I picked up the pieces and buckled down. I broadened my search. After months of interviews around the country, I finally got the news I had been waiting for. I was accepted at Yale for a surgical internship. I was on my way.
Surgery is a thousand steps. At first, they just let you close the skin. Then they let you open the skin. Then they let you make the burr holes that open up the skull. You go through it step by step — always on your toes, constantly looking for the unexpected. People talk about anatomy as if it's a fixed thing. But it's not. Surgeons have a unique appreciation for the vast variation in human anatomy. An artery may be in one place in one person and another place in someone else. Once you get into the brain or spinal cord, the problem can be worse than you thought. It's not uncommon to encounter something that makes it impossible to continue as planned.
New mothers often say that the moment they first hold their babies, they know they were put on earth to be mothers. I never had children of my own, but I understand that instinctive sense of purpose. After training in general surgery at Yale, I was accepted to a neurosurgical residency at the University of Minnesota. There, I found my true calling — in the pediatric ward. Unlike adult patients, kids don't know the role of the neurosurgeon. They treat you like any other person. It never ceased to amaze me how happy the children were — even the ones who had spent much of their lives sick and in hospitals. The most rewarding part is that most of the time you can make them better. And when you can't make them better, you help them and their families adjust. Over time, you learn how to process the inevitable losses. But you never stop struggling to avoid the heartbreak.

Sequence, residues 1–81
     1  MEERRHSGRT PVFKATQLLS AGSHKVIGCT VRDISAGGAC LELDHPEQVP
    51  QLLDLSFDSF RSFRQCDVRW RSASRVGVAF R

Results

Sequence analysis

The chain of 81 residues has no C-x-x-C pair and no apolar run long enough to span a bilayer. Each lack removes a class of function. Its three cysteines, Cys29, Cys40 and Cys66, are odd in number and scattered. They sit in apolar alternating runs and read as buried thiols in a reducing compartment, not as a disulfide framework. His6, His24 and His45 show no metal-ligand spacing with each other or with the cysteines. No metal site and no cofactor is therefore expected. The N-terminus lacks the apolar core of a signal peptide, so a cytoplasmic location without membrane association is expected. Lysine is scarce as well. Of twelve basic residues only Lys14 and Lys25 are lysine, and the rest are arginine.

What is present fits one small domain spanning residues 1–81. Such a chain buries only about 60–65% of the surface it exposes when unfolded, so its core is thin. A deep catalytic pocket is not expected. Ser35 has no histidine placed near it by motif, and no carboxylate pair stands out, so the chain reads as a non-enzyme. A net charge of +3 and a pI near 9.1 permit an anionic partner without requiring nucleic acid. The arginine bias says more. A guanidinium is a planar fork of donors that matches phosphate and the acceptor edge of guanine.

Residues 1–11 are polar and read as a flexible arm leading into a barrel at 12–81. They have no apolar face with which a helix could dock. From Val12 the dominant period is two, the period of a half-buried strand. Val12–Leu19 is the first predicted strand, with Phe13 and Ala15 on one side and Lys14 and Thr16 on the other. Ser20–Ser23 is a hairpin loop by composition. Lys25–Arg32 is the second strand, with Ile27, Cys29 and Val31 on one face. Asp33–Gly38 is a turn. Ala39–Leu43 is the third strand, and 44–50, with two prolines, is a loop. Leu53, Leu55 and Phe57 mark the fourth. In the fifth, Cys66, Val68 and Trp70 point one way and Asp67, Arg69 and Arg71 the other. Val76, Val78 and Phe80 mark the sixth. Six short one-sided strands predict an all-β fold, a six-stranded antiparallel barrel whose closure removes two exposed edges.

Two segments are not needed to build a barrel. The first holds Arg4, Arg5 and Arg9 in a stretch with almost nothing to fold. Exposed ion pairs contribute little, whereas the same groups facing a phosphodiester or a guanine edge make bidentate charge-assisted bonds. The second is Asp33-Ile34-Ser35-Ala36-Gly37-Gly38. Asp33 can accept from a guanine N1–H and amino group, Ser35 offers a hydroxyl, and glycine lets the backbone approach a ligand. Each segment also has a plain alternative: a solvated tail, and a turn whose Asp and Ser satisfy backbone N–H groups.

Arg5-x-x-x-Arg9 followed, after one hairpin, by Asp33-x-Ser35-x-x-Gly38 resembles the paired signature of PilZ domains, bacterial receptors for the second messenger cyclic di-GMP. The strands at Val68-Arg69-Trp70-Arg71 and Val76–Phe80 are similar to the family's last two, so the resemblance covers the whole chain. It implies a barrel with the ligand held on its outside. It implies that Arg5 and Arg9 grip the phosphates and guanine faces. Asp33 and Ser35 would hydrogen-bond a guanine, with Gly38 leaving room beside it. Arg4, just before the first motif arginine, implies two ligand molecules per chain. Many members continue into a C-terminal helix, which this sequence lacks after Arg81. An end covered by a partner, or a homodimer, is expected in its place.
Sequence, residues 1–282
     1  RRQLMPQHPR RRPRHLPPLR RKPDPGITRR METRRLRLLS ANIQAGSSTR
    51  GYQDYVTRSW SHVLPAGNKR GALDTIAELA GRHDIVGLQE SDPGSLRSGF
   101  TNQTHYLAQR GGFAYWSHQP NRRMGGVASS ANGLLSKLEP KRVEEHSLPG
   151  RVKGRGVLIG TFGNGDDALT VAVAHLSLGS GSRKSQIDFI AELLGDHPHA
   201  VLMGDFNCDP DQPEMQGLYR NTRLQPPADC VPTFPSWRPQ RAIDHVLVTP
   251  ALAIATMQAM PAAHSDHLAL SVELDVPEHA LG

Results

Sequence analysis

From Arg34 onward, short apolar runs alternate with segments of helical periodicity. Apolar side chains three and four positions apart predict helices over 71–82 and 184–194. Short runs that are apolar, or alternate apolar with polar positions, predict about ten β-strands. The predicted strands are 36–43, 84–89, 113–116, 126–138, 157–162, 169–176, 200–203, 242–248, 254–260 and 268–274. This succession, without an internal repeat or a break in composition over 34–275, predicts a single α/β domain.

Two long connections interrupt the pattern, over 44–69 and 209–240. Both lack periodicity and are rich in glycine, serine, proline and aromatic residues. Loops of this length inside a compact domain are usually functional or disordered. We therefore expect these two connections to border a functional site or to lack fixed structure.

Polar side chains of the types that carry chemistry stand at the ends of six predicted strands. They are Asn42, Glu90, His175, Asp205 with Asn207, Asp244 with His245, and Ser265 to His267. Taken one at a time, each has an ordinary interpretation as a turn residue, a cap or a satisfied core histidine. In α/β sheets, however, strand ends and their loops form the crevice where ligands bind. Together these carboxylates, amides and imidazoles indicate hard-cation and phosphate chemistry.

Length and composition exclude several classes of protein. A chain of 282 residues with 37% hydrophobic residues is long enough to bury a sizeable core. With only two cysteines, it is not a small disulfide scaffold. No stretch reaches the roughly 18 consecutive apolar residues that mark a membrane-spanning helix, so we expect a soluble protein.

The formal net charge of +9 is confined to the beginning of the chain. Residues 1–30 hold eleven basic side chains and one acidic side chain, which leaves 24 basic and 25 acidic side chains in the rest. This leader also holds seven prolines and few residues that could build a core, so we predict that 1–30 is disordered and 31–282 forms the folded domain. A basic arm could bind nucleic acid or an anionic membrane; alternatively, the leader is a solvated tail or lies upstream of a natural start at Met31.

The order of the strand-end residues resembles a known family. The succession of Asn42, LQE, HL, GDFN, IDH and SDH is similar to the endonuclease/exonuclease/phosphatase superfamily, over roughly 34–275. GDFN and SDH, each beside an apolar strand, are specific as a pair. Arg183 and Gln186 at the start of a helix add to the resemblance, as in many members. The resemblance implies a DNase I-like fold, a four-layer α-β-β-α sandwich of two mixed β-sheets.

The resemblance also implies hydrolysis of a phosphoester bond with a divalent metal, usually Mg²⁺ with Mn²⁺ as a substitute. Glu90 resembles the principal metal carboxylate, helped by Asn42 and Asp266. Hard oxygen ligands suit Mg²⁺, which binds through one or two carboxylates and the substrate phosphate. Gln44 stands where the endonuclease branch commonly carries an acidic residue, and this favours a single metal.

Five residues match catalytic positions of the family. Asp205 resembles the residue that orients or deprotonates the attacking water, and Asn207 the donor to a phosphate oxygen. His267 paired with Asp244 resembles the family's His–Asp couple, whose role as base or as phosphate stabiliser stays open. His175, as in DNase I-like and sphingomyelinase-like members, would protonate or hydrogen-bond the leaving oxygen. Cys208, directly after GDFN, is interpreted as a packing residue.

After 30 years as a surgeon, I retired this past January. Looking back, what stands out in my memory are the special relationships I had with my young patients. The hours we spent cross-legged on the floor playing video games, and the sound of their laughter floating through the hospital hallways. The children taught me so much — about living in the moment with tremendous courage and grace despite serious and often terminal illnesses. I took care of some children for 15 to 20 years. I watched them grow up. I got up in the middle of the night to care for them. I cared for every single one of them as if they were my own.
graduated with a B.S. from the University of Michigan in 1971 — one year before the passage of Title IX. The law opened the doors for girls and women to pursue the sciences and mathematics and has helped increase their numbers in these fields. In 1970, less than 10 percent of all medical students were women. By 1975, that number had jumped to just over 20 percent. Women now make up nearly half of all medical students. Canady finished medical school in 1975, and in 1981, she became the first African-American woman neurosurgeon in the United States. From 1987 to 2001, Canady was chief of neurosurgery at Children's Hospital of Michigan. After more than 30 years as a pediatric neurosurgeon, she retired in January 2012.